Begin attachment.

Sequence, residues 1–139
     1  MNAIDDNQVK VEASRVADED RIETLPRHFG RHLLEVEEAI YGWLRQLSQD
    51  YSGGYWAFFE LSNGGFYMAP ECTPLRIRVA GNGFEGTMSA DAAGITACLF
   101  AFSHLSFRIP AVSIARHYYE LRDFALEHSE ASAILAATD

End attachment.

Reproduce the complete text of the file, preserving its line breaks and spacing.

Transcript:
Sequence, residues 1–139
     1  MNAIDDNQVK VEASRVADED RIETLPRHFG RHLLEVEEAI YGWLRQLSQD
    51  YSGGYWAFFE LSNGGFYMAP ECTPLRIRVA GNGFEGTMSA DAAGITACLF
   101  AFSHLSFRIP AVSIARHYYE LRDFALEHSE ASAILAATD